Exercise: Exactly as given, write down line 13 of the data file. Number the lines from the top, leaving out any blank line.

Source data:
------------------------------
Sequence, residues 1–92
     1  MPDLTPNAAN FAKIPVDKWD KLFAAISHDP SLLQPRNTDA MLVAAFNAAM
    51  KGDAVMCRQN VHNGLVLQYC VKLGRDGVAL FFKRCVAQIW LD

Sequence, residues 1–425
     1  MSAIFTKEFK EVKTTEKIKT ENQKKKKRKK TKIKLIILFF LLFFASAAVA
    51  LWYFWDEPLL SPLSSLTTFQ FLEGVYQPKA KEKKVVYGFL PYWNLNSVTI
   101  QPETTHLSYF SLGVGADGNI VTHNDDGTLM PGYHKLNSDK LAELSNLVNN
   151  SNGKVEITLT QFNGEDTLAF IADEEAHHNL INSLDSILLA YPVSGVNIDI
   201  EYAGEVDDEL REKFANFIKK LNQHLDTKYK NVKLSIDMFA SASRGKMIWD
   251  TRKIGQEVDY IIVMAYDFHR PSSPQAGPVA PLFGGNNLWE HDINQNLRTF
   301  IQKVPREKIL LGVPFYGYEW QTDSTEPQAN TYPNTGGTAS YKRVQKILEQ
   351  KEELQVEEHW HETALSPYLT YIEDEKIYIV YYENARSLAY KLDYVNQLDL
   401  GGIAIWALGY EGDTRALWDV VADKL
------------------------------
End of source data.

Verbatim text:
   401  GGIAIWALGY EGDTRALWDV VADKL